News & Events
Two LCGM Principal Investigators Elected to the National Academy of Medicine
- Oct 2022
Crystal Mackall, MD, Ernest and Amelia Gallo Family Professor, professor of pediatrics and medicine, founding director of the Stanford Center for Cancer Cell Therapy, and co-Executive Director of the Laboratory for Cell and Gene Medicine and Anthony Oro, MD, PhD, a professor of dermatology, the Eugene and Gloria Bauer Professor of Dermatology, and the co-director of the Stanford Center for Definitive and Curative Medicine and of the Stanford Maternal and Child Health Research Institute are among six Stanford professors elected to the National Academy of Medicine.
Read more about the National Academy of Medicine Election
Young Man Becomes First in World to Be Cured of FSGS With New Treatment
- Oct 2022
- Traejen Kingston is the first in world to be cured of FSGS using a combined stem cell transplant and kidney transplant. The process included using a revolutionary strategy called alpha/beta T-cell depleted haploidentical stem cell transplantation.
Read more about Traejen's story
Celebrating Dr. Maria Grazia Roncarolo
- Sep 2022
- Earlier this year Dr. Maria Grazia Roncarolo announced her decision to step-down as Director of the Center for Definitive and Curative Medicine and Co-Executive Director of the Laboratory for Cell. In her memorandum Dr. Roncarolo praised the successes brought forth by these centers stating, “The incredible results we have achieved together over the past 8 years are a testament to our collective commitment and determination to curing the incurable. We have built unique infrastructures and incredible teams...together, we have succeeded in closing the gap from the bench to the bedside, proving that translational medicine in stem cell and gene therapy is possible at Stanford Medicine.” In closing Dr. Roncarolo noted that “this is just the beginning”.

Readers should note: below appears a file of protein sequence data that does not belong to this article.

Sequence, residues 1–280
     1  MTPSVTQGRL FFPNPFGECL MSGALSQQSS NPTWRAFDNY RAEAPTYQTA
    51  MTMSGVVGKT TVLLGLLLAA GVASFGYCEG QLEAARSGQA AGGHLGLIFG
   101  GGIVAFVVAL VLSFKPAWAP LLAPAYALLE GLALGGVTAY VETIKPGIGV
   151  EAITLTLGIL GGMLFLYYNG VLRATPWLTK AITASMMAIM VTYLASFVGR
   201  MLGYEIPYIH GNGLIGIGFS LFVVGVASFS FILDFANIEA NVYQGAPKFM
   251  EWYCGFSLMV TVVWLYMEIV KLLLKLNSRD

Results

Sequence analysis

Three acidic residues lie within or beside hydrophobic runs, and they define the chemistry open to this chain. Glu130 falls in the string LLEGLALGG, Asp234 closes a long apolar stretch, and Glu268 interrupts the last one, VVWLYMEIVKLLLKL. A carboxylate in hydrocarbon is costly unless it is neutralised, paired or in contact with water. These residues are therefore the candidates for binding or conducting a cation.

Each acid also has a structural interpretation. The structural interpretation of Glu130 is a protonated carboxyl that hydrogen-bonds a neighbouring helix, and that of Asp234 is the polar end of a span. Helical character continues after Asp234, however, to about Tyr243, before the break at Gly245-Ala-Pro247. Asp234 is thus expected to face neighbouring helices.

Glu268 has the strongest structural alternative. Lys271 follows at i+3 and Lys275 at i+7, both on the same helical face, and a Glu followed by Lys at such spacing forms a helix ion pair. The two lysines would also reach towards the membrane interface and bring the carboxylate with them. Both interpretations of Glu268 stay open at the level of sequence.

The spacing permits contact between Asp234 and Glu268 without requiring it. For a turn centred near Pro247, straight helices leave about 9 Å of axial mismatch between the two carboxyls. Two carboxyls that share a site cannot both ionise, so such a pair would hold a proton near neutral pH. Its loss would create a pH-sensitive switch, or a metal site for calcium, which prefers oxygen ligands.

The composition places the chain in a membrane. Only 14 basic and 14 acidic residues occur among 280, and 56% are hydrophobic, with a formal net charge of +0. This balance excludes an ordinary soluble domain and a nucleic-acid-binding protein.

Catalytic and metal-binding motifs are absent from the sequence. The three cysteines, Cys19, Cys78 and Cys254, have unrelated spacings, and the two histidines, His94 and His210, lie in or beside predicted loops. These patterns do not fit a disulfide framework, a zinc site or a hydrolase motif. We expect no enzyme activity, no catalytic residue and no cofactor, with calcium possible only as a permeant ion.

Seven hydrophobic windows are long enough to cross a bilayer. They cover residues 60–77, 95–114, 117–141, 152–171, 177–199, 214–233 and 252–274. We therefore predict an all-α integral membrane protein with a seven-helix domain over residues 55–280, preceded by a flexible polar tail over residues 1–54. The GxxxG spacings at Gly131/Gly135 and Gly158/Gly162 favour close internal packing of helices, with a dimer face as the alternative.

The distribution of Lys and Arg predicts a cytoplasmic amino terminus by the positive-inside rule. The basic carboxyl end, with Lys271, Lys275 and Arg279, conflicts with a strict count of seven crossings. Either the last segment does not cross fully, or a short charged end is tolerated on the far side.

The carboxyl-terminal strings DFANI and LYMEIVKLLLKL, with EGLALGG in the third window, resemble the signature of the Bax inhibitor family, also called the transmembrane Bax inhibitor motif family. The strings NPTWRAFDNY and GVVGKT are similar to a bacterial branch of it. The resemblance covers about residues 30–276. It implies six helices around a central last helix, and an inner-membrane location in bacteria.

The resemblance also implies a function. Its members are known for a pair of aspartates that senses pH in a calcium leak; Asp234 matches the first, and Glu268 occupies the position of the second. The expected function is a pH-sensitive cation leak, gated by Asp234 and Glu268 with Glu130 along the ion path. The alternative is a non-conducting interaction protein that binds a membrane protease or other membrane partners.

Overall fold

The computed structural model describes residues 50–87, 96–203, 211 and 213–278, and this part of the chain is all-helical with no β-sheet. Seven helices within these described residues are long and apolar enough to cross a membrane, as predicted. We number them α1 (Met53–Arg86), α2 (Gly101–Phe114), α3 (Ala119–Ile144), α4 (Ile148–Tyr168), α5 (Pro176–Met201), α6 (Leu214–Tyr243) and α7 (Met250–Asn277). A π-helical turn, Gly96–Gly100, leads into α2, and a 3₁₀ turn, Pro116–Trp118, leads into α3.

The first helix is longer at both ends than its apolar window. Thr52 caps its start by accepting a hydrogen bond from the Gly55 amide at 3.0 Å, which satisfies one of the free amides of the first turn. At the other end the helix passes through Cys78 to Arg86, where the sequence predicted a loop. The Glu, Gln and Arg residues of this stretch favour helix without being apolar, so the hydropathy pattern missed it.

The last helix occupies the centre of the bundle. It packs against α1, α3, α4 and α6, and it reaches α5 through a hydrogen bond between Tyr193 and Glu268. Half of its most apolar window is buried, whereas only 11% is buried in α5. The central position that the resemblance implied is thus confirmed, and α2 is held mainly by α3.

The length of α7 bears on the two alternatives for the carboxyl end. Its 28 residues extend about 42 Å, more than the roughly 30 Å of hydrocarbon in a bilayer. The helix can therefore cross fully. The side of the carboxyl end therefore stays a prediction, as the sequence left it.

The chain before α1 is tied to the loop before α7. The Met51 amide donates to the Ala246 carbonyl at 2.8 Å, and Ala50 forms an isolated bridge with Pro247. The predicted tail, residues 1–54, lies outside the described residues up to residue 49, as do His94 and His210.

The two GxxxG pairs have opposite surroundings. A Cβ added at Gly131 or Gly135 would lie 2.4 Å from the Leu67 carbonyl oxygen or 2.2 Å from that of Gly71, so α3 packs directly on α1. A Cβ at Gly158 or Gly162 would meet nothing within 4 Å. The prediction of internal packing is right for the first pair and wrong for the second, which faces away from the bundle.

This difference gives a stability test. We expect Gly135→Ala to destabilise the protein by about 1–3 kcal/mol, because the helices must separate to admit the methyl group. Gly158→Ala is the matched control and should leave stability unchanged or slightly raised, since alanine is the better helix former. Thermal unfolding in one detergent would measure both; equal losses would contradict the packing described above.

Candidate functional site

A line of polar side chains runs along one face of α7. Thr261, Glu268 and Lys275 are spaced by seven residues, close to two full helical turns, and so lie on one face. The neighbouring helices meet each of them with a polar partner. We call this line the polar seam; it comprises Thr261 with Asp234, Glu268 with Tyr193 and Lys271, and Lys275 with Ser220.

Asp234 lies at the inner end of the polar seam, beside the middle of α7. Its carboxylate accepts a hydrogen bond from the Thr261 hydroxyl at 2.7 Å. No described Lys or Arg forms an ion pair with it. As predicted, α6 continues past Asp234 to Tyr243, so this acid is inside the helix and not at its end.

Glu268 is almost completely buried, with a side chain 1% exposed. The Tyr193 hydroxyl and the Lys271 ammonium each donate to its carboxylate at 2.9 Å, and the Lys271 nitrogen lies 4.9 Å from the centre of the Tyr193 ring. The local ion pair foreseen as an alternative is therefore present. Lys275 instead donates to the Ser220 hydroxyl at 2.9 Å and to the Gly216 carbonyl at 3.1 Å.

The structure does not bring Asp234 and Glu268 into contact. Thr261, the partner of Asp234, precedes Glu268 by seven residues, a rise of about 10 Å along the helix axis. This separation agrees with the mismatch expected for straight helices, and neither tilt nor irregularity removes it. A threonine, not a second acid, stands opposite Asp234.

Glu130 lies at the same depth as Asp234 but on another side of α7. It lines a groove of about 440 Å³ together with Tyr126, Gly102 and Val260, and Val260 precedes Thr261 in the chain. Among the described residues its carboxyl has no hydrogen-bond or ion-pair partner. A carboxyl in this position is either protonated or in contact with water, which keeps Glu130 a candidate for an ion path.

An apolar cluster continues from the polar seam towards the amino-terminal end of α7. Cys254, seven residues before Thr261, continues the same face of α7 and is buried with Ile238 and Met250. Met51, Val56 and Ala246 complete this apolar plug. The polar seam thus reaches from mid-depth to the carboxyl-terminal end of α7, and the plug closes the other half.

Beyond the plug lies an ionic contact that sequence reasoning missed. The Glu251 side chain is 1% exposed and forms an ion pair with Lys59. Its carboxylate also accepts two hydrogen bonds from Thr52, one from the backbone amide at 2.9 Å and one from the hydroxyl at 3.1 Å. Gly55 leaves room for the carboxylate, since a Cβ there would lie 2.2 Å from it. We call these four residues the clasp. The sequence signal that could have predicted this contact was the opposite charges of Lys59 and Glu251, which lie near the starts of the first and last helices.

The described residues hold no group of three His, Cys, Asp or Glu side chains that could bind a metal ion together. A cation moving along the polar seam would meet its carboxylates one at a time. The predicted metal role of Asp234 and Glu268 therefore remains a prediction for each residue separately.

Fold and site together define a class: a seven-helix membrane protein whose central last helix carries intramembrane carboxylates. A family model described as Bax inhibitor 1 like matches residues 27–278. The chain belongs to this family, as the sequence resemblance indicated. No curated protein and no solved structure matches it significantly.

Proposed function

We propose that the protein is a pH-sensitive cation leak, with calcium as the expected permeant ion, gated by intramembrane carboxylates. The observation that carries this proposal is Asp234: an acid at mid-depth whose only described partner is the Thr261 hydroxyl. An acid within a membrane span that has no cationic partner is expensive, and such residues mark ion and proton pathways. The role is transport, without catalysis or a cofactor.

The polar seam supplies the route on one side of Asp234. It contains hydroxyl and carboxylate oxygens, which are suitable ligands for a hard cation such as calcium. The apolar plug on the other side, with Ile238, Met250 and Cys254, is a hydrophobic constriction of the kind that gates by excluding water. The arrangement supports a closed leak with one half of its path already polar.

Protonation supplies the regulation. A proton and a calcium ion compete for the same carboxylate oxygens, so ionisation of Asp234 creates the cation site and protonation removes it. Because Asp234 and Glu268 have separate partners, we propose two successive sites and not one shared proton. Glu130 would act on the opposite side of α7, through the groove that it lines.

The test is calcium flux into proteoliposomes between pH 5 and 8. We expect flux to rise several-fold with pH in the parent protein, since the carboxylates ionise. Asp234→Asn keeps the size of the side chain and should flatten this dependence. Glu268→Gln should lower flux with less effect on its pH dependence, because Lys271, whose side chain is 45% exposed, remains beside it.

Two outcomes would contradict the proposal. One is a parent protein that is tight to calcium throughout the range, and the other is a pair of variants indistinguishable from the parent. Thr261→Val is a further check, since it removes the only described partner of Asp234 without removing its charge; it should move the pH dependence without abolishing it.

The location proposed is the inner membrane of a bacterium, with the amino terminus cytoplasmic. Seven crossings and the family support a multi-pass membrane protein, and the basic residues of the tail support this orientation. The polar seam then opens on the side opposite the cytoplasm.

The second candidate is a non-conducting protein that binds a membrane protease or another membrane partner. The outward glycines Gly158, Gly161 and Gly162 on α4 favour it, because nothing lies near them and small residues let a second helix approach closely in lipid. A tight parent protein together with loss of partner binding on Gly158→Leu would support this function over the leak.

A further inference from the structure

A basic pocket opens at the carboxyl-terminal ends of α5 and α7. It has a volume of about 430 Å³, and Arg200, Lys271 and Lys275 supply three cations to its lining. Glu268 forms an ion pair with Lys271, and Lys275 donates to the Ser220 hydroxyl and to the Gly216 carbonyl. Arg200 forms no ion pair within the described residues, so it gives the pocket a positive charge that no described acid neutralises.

Learn more about Dr. Maria Grazia Roncarolo here
New publication describing cell-based product (T-allo10) enriched in antigen specific regulatory type 1 T (Tr1) cells
- Oct 2021
- The Roncarolo lab has published a paper in Science Translational Medicine “Alloantigen-specific type 1 regulatory T cells suppress through CTLA-4 and PD-1 pathways and persist long-term in patients,” describing how antigen specific T regulatory type 1 (Tr1) cells, which are the active component of T-allo10 cell therapy product, can be used to induce prevent graft-versus-host disease, with significant improvement in the outcome of stem/progenitor cell transplantation from HLA incompatible donors. In the paper, lead authors Pauline Chen, MD, Alma-Martina Cepika, MD, PhD, and their colleagues reveal the molecular identity and mechanism of suppression of Tr1 cells, and report immune monitoring data from the first three patients with leukemia treated in a clinical trial with the T-allo10 product prior to stem/progenitor cell transplantation from an HLA mismatched donor. They show that the antigen specific Tr1 cells persist up to one year post-transplant. The type 1 regulatory T (Tr1) cells were originally discovered by the Roncarolo/Bacchetta team by studying tolerant SCID patients after fetal stem cell transplantation. This study is the first to describe the transcriptome and T cell receptor (TCR) repertoire of human alloantigen-specific Tr1 cells, show that these Tr1 cells suppress through IL-10, CTLA-4 and PD-1 pathways, and demonstrate their persistence in the blood of patients treated with T-allo10 cell therapy.
LCGM co-Executive Director Honored with Three Prestigious Awards!
- Apr 2021